A good concierge can sometimes save the day during a trip to a place you've never been before. Forgot to make a dinner reservation? Need a kid-friendly activity? Want to find the best spa treatment in town? Turn to your hotel concierge and consider it done, done, and done. In a way, "divorcierge" Karen Bigman has a similar job: providing advice, recommendations, and help when it comes to someplace very unfamiliar … in this case, the world of divorce.
Hey, no one goes into a marriage planning on getting divorced - but life (and lots of other stuff) happens, right? And while the process of splitting up with a spouse will never be fun, Bigman is on hand for those in the process of getting divorced or who are simply looking into the process. She can help create a divorce plan with goals and action items, form the right "divorce team," of financial professionals and attorneys, work through issues surrounding co-parenting plans, plan difficult conversations with kids and spouses, and, perhaps most importantly, help people focus on themselves and move forward despite being deeply hurt.
We talked to Bigman, a CDC® Certified Divorce Coach who runs The Divorcierge, about why she's made this her life's work, why you shouldn't tackle divorce alone, tips for getting through it, and what often blindsides the newly separated.
If someone decides to get divorced, what is the first thing they should do?
The most important thing to do is to step back and figure out what your goals are. It’s very easy to hire the first divorce professional you meet just to "get it over with." It would be fantastic if we could all agree on what’s right and fair at the onset, but our brains are so full of emotions that we probably can’t figure out what that really is. Take your time and do some research. While everyone around you means well and wants to help, sometimes too many voices cloud what is really in your heart and you lose sight of what is important to you.
Write out everything you hope for and then try to turn it into tactical solutions. What are your needs and your wants? What is negotiable and what is non-negotiable? If you take the time before you meet with a divorce professional to organize yourself, you will spend less time and money in the long run and be more rational in your decision making. If you have the means to get the benefit of some input from a neutral person like a divorce coach, that’s your best option.
What are misconceptions about divorce?
We all have the fantasy that we’ll be in court with Julianna Margulies as our attorney battling it out in one hour. But statistically, over 95 percent of divorce cases settle and never make it in front of a judge. Divorce is a long process. There is a lot of negotiating that goes on particularly when there are kids involved or a large amount of assets. Even if you and your spouse agree in principle to be fair and amicable, it feels different when you have to put it on paper.
Any other surprises?
Even though signing the piece of paper signifies the end of the marriage, the emotions come back in fits and spurts for long after. It takes a lot of work for most people to move forward with life afterwards. The good news is that I can attest to the fact that most people are ultimately happier once they move forward, regardless of where they ended up financially or how long the process took.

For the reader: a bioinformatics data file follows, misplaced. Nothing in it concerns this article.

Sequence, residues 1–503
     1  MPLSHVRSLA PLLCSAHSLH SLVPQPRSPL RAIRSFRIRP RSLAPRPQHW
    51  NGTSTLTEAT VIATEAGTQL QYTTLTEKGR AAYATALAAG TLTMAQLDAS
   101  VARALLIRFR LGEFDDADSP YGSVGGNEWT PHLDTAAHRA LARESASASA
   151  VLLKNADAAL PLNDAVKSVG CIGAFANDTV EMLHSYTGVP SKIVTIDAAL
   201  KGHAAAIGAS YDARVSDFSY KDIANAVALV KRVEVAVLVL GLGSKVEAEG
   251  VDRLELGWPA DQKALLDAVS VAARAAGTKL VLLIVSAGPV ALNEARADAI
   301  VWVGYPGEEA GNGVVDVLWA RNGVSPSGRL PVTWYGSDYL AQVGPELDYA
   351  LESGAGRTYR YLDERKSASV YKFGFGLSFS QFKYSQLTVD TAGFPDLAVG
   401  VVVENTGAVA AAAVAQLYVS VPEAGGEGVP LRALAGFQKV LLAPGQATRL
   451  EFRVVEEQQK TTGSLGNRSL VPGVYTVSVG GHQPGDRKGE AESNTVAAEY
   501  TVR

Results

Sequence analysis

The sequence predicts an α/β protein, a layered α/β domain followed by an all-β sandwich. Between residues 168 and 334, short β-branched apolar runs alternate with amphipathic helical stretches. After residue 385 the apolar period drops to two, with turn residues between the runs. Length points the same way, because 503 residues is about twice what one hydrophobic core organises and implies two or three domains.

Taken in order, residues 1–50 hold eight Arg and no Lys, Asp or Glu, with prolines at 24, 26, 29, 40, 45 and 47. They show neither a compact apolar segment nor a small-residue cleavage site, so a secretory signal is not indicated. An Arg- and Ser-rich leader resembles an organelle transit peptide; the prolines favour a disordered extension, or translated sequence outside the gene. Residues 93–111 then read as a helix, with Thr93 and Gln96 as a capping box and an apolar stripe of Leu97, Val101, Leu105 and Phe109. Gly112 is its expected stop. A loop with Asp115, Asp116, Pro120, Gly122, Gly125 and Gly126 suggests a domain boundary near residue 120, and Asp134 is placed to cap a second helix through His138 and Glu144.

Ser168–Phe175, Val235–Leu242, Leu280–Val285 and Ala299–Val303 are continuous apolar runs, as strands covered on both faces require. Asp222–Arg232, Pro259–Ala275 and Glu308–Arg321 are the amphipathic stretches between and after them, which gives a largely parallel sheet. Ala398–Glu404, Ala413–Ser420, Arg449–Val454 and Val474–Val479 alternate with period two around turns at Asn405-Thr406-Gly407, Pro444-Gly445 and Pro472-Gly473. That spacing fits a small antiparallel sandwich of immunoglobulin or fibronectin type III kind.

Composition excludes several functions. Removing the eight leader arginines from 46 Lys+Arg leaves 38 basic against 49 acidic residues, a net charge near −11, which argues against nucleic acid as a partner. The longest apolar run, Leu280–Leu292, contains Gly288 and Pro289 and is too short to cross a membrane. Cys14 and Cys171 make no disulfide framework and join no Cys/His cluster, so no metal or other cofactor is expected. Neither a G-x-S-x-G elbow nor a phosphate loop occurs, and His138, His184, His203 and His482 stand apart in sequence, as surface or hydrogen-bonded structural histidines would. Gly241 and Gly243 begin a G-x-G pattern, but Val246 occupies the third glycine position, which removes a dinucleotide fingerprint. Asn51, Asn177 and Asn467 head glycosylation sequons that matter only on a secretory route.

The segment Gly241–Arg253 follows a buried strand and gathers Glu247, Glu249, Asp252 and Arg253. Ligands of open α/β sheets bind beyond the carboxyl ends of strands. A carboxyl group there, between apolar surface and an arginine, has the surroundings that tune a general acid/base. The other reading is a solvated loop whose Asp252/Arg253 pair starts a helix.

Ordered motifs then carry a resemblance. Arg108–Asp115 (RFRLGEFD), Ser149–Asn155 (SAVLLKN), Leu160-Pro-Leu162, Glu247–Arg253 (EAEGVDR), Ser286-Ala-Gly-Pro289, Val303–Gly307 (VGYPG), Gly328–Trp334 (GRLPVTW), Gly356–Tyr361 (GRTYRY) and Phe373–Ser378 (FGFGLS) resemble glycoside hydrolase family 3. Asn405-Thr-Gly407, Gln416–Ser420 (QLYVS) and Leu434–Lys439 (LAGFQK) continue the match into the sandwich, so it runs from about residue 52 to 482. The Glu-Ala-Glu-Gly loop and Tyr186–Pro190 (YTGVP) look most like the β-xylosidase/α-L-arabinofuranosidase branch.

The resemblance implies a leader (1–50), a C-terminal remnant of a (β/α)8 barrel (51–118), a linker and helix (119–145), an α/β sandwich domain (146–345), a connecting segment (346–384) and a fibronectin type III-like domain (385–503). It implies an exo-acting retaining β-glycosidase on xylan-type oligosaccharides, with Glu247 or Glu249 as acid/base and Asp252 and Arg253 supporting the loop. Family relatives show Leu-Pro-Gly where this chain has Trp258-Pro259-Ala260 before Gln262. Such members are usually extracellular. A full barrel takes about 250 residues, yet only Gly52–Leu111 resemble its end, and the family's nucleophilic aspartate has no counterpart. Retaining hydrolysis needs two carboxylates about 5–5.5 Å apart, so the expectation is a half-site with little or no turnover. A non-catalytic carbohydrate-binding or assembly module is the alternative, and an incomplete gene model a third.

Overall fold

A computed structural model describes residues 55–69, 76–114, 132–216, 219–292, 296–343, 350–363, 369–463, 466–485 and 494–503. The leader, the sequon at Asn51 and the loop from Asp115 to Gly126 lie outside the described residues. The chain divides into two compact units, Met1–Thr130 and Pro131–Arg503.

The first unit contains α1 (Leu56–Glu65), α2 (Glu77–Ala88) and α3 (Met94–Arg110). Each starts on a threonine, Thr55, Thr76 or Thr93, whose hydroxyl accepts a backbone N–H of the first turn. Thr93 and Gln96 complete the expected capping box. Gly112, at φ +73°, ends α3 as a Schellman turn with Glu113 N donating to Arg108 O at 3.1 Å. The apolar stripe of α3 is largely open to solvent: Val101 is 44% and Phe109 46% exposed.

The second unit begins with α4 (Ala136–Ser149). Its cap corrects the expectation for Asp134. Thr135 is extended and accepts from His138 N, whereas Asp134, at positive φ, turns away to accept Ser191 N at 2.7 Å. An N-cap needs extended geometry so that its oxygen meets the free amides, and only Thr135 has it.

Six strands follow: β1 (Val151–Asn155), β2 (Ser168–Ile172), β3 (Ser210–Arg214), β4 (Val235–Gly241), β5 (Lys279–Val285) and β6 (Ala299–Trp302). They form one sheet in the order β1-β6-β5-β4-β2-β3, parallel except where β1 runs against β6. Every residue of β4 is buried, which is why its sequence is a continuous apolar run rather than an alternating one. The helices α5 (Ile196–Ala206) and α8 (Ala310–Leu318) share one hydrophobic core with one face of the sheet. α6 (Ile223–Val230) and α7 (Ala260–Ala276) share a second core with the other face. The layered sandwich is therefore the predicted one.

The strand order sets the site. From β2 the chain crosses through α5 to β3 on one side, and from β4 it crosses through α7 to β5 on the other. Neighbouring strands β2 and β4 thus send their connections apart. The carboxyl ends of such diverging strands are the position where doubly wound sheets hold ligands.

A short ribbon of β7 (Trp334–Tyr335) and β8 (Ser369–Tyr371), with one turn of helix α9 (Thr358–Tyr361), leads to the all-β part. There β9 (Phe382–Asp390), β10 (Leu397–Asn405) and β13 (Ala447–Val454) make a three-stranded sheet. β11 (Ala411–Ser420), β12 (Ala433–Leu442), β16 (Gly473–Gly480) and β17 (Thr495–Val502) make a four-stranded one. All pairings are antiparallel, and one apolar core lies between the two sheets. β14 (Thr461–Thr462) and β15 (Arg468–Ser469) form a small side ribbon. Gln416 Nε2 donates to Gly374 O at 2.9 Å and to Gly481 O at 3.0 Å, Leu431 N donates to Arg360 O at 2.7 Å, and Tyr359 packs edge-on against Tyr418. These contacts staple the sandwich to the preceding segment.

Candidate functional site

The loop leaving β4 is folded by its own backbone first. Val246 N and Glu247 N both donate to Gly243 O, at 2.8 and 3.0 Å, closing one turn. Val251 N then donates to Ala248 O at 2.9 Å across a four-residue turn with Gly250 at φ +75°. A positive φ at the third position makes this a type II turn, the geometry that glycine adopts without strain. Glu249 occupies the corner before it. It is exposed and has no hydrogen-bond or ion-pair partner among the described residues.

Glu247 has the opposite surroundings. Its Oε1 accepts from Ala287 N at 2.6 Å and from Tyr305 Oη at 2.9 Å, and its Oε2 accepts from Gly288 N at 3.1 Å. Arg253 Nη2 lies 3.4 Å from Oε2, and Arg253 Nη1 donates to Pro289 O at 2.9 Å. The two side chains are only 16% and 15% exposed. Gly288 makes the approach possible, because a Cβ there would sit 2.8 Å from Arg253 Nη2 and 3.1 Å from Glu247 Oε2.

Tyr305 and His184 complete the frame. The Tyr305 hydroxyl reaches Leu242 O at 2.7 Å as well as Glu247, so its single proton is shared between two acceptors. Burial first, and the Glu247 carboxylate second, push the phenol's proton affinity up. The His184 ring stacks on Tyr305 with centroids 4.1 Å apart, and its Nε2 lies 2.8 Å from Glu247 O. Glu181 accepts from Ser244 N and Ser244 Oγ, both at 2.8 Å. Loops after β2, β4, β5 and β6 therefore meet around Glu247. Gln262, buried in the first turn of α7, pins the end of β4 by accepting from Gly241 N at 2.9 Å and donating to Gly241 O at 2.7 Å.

What are the biggest benefits to using a divorcierge?
Unfortunately, going through divorce is a bigger process than most people expect. It typically takes longer and costs more than we anticipate. Couple that with emotions which are running very high and you can imagine what a toll that takes on everyone involved. Working with a divorce coach and particularly someone who has access to extensive resources can help you keep focused and organized, while helping you stay healthy - emotionally and physically - through this process and beyond.
Why are you good at what you do?
On a technical level, I’m a Martha Beck trained Life Coach and a CDC® Certified Divorce Coach, and also have an MBA and project management experience. More importantly, I’ve been through a divorce and understand the emotions that can come up even in the most amicable of divorces. I have incredible empathy for the women I work with regardless of their situations. People going through divorce really need someone to be the voice of reason, to validate their feelings and to be there as a sounding board when they feel the world around them is upside down. I provide that "cocoon," so to speak. On a more practical level, I act as the center of the wheel to help them stay organized and keep all of the moving parts working together.
A lot of time people point to kids as a reason not to get divorced, but then remain unhappy. What are your thoughts?
It’s important to consider the children in a divorce. Kids are less affected by the divorce itself than by the fighting and being put in the middle. In cases when there is abuse, you should do your best to keep yourself and your children safe. Other than that, if you can find any other outlet for your anger and emotions, use it. Exercising, reading, journaling ... whatever works for you. Your kids will always be the children of divorce but they can still be well-adjusted adults if they grow up in a loving environment, even in if it is in two different homes.
Is there a "perfect divorce?"
The perfect divorce is no divorce at all!